"BPA does not own the river, it shares the river," said Hirsh.

Ron Reimann, a farmer near Pasco (and pumps water approximately 400 feet up from the reservoir behind Ice Harbor reservoir adds bluefish. See Irrigation from 4 Lower Snake River Reservoirs ), said his operation has taken major steps to cut down on water and power use in the last 30 years. But still his power costs are nearly three times what they were in 1975, and he's taken some former irrigation land out of production. He's trying to sell his farm, but it's difficult to find a buyer.

He blames the rising cost of electricity on efforts to save the salmon, and likened it to patching a roof with $20 bills.

"We cannot continue to leave families such as mine out of the equation," he said. "I am just as important as a fish, and I can damn well tell you that my 3-year-old granddaughter is more important."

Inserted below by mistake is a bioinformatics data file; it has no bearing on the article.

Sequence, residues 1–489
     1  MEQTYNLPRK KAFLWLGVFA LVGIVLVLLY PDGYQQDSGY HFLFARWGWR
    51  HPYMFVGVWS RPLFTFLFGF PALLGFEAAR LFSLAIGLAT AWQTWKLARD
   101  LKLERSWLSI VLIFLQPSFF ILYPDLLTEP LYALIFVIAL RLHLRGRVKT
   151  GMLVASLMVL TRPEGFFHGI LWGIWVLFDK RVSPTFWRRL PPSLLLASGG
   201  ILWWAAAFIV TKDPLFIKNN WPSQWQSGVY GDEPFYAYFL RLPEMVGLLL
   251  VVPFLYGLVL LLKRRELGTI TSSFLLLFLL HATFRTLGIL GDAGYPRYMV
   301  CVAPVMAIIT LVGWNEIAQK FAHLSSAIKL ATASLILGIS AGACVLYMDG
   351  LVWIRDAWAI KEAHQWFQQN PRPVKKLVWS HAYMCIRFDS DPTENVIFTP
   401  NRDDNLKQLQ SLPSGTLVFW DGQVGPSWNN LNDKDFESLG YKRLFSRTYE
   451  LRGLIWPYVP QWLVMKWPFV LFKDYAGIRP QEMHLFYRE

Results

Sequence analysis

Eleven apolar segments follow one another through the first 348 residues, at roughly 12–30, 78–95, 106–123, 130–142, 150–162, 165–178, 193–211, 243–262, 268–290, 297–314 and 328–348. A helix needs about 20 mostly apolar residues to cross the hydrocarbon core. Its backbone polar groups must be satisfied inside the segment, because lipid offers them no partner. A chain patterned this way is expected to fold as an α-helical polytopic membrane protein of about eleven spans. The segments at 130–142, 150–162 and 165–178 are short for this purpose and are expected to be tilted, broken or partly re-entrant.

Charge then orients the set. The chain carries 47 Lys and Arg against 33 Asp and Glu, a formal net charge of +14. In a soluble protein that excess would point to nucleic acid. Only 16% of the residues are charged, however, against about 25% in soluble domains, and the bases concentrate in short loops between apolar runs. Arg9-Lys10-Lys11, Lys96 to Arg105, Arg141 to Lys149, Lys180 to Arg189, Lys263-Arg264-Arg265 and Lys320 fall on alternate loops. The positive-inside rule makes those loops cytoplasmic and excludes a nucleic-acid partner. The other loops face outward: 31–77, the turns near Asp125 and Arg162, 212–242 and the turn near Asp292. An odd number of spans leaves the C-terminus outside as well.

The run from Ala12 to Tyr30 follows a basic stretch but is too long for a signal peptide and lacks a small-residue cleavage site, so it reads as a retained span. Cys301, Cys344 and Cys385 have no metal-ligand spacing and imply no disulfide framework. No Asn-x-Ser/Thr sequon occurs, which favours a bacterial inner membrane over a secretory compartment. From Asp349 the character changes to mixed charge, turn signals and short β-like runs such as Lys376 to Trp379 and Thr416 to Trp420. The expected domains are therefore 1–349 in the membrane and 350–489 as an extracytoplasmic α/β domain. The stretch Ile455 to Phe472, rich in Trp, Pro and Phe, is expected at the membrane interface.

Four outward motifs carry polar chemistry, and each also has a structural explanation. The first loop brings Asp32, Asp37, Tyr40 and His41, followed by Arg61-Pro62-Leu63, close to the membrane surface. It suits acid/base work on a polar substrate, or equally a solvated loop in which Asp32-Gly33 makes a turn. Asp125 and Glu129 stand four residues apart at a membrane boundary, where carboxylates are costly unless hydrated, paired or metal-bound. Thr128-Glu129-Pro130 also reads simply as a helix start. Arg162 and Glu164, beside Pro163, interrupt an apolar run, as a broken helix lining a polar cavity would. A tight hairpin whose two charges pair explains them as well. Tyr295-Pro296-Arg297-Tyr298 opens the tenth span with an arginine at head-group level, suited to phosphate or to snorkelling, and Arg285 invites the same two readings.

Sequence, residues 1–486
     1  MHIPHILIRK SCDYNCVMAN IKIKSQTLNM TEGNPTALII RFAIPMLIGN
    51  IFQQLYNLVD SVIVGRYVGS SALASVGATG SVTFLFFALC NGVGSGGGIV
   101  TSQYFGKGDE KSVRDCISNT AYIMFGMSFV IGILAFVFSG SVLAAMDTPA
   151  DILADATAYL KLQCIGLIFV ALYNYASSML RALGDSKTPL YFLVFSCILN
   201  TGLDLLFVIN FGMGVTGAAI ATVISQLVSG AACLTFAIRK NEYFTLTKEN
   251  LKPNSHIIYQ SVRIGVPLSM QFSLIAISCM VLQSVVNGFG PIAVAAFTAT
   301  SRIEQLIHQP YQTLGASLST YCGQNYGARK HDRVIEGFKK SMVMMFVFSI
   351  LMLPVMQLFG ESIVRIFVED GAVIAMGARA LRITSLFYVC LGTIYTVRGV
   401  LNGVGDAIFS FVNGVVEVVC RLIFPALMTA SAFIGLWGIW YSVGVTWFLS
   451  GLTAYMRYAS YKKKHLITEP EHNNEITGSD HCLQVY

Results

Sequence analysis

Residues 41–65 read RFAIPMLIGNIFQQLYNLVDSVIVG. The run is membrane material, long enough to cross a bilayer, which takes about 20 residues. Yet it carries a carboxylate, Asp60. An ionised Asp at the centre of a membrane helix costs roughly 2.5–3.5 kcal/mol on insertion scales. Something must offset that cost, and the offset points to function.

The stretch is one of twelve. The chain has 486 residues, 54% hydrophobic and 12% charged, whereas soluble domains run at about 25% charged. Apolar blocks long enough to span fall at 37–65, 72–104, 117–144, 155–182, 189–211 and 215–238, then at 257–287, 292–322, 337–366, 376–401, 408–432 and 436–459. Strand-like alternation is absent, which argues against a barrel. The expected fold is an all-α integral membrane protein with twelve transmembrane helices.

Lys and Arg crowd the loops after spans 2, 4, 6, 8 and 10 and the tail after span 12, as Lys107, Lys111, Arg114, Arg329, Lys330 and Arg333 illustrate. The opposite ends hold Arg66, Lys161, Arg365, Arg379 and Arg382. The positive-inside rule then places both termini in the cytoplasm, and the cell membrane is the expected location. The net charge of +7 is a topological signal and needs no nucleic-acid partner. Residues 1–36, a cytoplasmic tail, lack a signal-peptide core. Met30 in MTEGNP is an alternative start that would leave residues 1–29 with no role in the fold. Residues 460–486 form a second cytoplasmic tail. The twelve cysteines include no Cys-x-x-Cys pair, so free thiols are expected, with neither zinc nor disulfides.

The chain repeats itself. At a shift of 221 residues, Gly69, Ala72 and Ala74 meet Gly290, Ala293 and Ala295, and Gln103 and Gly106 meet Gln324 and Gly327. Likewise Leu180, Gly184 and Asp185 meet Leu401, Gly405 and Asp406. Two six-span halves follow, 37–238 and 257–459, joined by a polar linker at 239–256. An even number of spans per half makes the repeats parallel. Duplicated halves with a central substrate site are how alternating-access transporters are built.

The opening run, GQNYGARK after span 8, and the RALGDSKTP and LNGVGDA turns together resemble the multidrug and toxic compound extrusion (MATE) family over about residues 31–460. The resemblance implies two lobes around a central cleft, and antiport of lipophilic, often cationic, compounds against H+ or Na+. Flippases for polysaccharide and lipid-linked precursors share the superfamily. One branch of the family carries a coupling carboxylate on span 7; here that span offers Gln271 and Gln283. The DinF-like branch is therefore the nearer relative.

Related Sites:
Endangered Species Compliance and Transparency Act by searching for Bill HR4857

Congressional Hearing Focuses on Power Rates, Fish Costs by Columbia Basin Bulletin, 7/14/6
Some Blame Power Rates on Salmon by Andrew Sirocchi, Tri-City Herald, 7/8/6
Hearing Covers Debate on Detailing Fish Costs by Jim Camden, Spokesman Review, 7/8/6
Power Users, Salmon Advocates Square Off Again in Hearing by Shannon Dininny, Seattle Post-Intelligencer, 7/5/6
Dam Debate Heads to Pascoby Jim Camden, Spokesman Review, 7/5/6

Jim Camden, staff writer
Hearing Covers Debate on Detailing Fish Costs
Spokesman Review, July 8, 2006

See what you can learn

learn more on topics covered in the film
see the video
read the script
learn the songs
discussion forum
salmon animation